of WNY, INC.
The Uninsured Trust Fund
Initiative Coalition covers a region with a population of more than 1.6 million
at the western end of New York State (NYS). This region includes the metropolitan
area of Buffalo and Niagara Falls (Erie and Niagara Counties), as well as sic
very rural surrounding counties (Allegany, Cattaraugus, Chautauqua, Genesee, and
Wyoming Counties). The center city area are nearly 40% minority and, along
with the remote and rural area, are among the poorest communities in NYS.
The WNY Uninsured Initiative Coalition is composed of representatives from
hospital systems, industry, charities, insurance and rural health networks,
public health, social services, government and academia.
Many members of the
Coalition have been working together on an eight-county regional basis for over
six years. Starting as a Medicaid Managed Care Coalition of local
Departments of Social Services facilitated by the SUNY at the Buffalo Department
of Family Medicine, their monthly meetings grew to include over 100
organizations. The Coalition has consistently focused on the unmet
healthcare needs of the region's low-income resident's. This evolved into
the WNY Public Health Coalition that has recently become the WNY Community
In 1997, under the
leadership of the WNY Healthcare Association, a comprehensive analysis of the
uninsured problem in WNY was published and distributed to the Coalition.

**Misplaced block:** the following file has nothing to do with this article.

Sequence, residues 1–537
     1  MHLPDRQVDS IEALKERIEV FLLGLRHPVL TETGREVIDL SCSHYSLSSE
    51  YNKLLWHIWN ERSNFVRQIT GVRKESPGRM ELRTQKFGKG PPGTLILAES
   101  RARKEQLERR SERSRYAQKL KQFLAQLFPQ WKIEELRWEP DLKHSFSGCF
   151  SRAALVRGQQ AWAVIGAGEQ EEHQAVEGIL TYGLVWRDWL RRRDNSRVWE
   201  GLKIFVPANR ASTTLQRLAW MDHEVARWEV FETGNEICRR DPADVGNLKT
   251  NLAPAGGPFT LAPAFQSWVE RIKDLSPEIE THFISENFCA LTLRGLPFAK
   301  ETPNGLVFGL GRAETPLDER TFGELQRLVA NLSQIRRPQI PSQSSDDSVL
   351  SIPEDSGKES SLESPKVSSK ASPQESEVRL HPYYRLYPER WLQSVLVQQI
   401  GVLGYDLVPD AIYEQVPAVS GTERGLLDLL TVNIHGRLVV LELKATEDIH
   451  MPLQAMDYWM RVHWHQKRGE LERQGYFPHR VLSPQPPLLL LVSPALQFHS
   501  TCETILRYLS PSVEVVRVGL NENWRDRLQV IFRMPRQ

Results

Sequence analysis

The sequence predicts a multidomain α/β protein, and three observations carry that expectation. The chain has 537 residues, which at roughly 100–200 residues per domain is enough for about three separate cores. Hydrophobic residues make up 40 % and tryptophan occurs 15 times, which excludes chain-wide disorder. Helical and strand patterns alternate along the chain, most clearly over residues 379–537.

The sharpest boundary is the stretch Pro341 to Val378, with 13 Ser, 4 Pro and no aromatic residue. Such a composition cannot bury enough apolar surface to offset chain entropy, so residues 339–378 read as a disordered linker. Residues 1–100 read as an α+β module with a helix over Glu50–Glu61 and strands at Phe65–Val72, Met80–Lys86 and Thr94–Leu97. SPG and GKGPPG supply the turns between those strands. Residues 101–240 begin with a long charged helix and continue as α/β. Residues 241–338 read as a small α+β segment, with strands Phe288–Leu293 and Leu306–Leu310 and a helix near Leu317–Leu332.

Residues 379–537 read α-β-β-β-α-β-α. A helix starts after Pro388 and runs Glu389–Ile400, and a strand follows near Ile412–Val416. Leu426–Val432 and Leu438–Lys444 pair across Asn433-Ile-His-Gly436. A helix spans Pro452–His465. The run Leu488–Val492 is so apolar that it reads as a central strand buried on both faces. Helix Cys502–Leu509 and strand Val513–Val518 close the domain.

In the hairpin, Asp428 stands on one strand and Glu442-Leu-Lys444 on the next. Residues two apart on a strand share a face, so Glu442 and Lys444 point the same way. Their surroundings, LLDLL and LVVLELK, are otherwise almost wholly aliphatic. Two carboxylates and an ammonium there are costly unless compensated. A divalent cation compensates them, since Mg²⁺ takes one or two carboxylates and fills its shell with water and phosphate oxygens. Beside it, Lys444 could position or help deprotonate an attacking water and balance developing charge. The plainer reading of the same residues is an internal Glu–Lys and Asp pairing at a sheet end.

At the same time another Coalition member, the Catholic Health System, sponsored
a preliminary concept for financing healthcare for uninsured poor woman as part
of their Woman's Health Services Program. Their "Uninsured Women's
Initiative" has evolved into a proposal to serve all uninsured adults.
Another very active member
of the Coalition is the Lake Plains Community Care Network, a rural health
network serving Orleans, Genesee, and Wyoming counties to the east. Their
membership of employers, public health departments, physician organizations,
hospitals, and social services are embarking on the launch of a locally designed
healthcare plan. Funded in part as a Kellogg Foundation demonstration
project, their strategy is to eventually offer such a plan to their
uninsured. This proposal offers the Lake Plains Community Care Network a
viable means of financing such a plan. Their experience in the
collaborative design of a local insurance plan will be invaluable to this
In 1998, the State of New
York launched the Child Health Plus Program for low-income children under the
age of 19. The state recently passed legislation for a Family Health Plus
Program for very low-income adults (below 120% of the FPL). The program
will reach about 40% of the uninsured adults in the eight county region.
The HealthforAll proposal addresses the gap left by these government
programs. We ultimately hope to serve over 50,000 low-income uninsured
plan to offer a benefit that the community can afford! This requires